This book began with a feeling more than an idea. As a young boy in the South in the 1930’s, my father felt stuck and vowed never to raise his own children there. Growing up in Pennsylvania, I would ask why he wanted out, and he’d duck my questions, shake his head, grow pensive and say things like, “You can judge people in any number of ways, but don’t ever judge them by the color of their skin.” Never the answer I expected. So I began to wonder what would make a shy, gentle white boy vow to flee the South. What did he see that he refused to talk about? While my dad never got involved with the Ku Klux Klan, I know that the Klan wreaked havoc in the South during Daddy’s growing up years. I began to imagine what sorts of influences would lead a boy to join a gang—a brotherhood—then yearn to get out but not be free to leave. The book grew from that sense of yearning.

What genre does your book fall under?

Young Adult

Which actors would you choose to play your characters in a movie rendition?

For the brothers, I’d go with Luke Benward and Sterling Beaumon.  For Rachel, the freed slave who becomes a teacher, Keke Palmer would be awesome, but if Hollywood waits five years before filming, then Willow Smith will be old enough for the role.

Will your book be self-published or represented by an agency?

I’m represented by Leigh Feldman at Writers House, and Brotherhood will be published by Viking/Penguin. My editor there is Regina Hayes.

How long did it take you to write the first draft of your manuscript?

About two years for the first draft, and another year and a half for multiple additional drafts.

What other books would you compare this story to within your genre?

I’m a fan of Laurie Halse Anderson‘s historical fiction—books such as Fever 1793, and Chains, and Forge. If readers come to compare my book to hers, that would be fabulous!

Who or what inspired you to write this book?

One of my boys is a reluctant reader, so I set out to write a novel that even a boy—my boy—would read.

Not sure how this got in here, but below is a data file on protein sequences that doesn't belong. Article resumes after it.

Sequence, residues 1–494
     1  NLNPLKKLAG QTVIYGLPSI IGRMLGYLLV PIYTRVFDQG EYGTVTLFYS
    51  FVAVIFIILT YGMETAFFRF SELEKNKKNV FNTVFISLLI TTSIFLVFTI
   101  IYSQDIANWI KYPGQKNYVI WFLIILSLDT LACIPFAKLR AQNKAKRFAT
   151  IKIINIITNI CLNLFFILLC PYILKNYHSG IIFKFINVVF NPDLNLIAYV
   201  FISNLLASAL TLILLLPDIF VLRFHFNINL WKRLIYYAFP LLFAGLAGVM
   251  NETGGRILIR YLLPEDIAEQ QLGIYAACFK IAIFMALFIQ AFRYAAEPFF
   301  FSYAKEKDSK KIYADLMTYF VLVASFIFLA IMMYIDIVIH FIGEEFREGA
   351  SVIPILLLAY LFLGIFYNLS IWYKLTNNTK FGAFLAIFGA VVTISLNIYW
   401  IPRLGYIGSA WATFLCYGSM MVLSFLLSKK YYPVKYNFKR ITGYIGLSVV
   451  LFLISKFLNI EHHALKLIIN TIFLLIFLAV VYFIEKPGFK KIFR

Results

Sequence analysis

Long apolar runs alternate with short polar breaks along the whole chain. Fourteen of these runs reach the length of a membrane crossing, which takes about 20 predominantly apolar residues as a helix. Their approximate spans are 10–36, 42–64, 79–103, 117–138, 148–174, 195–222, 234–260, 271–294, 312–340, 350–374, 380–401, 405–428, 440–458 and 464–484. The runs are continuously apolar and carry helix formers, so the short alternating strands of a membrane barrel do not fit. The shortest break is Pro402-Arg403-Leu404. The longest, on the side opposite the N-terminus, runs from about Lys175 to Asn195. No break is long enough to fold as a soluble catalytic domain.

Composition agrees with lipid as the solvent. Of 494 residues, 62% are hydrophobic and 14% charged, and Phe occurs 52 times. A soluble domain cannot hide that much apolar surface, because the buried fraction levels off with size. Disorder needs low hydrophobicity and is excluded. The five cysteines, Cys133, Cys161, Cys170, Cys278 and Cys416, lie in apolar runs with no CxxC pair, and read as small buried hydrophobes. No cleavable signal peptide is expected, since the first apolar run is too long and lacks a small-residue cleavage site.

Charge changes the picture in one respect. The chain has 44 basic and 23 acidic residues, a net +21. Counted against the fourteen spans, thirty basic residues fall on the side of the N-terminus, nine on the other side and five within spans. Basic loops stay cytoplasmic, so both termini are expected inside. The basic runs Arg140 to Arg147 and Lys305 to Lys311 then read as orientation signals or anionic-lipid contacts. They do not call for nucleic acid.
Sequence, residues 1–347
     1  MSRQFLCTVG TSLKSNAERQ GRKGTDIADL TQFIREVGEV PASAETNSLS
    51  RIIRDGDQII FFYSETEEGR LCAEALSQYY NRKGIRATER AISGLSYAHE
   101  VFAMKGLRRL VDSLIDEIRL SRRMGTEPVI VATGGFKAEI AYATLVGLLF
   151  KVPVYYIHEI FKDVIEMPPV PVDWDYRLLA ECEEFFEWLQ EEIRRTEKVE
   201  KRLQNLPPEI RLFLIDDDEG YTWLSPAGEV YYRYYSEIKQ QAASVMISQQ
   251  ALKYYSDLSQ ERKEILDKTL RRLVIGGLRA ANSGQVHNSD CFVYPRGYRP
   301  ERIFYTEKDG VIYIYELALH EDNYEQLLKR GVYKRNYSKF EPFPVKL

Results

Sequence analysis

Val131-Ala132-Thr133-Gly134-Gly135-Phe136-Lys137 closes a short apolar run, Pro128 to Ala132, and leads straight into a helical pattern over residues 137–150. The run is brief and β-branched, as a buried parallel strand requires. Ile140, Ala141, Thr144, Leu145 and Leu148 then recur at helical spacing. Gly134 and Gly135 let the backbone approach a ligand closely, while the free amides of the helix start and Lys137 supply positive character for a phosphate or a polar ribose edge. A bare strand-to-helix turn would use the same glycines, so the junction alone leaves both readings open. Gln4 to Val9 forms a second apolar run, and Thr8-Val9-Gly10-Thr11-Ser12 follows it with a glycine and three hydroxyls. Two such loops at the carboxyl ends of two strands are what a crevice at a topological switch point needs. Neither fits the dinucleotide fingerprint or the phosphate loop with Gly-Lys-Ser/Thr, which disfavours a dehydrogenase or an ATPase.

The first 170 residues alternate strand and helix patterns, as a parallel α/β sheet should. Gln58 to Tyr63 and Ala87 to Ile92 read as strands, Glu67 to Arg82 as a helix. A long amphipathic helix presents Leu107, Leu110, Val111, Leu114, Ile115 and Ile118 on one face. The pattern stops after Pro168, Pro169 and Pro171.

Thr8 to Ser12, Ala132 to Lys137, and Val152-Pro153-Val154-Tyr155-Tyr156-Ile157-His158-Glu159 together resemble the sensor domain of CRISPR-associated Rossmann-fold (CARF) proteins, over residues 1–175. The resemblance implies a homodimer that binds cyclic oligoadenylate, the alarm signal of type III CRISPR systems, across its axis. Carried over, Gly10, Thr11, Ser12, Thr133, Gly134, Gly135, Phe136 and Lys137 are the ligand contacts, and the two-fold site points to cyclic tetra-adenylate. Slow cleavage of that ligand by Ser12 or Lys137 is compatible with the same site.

What else about your book might pique the reader’s interest?

My protagonist (a Klan member) befriends a freed slave girl who’s spunky and smart. He must keep the friendship secret, as the year is 1867, a time when distrust smoldered between the races. While most post-Civil War books address America’s political landscape, my book is all about the people—about what it might have felt like to live through the tumultuous times that we’ve come to call The Period of Reconstruction.

I’ve invited debut novelists to participate in “The Next Big Thing” blog chain. Next week, look for blog posts from Melanie Crowder, author of Parched; Cat Winters, author of In the Shadow of Blackbirds; and L.R. Giles, author of Fake ID.

Emotional seeds for stories

This past Saturday while speaking on a panel at the James River Writers Conference, I choked up and found myself babbling an apology to the audience. The panel moderator, Meg Medina, had asked such a simple question: when you began writing your novel, what was your starting point? What was the emotional place—the germ—the seed—from which the story came (the story being the YA novel I recently sold to Viking—the story of a boy who struggles to protect a friend from the KKK in 1867—pure fiction, but with historical anchors).

In answer to Meg’s question, I began to speak about my Alabama-born father, and the words caught in my throat. I felt my father’s shame over the fact that our ancestors had owned slaves, his pain over present-day racial prejudices that continue to poison parts of the South. When I was growing up in Pennsylvania, Daddy ducked my questions about the South, avoiding the topic as best he could. But at some point, he gave in and told me in his soft, thoughtful Southern drawl that at a young age he had vowed never to raise his own children there. He’d gotten out as soon as he could (on the G.I. bill) and never returned. He taught me that “it’s fine to judge people in any number of ways—of course we make judgments all the time—but don’t ever judge a person by the color of his skin.” What I suspect he meant was never treat black people the way I saw them treated.

So there I was on a panel with Meg and the inimitable Kathi Appelt, and I choked up over the image of my daddy as a shy, gentle boy in the 1930’s. I imagined him suffocating beneath the weight of expectations that he become a man in the way manhood was defined by good Southern boys. What he witnessed, I’ll never know because he’ll never say…so while writing my novel, I imagined what it might have been. The novel isn’t about my father—it’s a story set sixty years before he was born. But the emotional seed came from my daddy’s yearning to get as far away from his roots as he could.

My editor and I are brainstorming titles, and I’ll post the release date when Viking decides… Meanwhile, tell me… what is the emotional seed of your story? What triggers unexpected tears?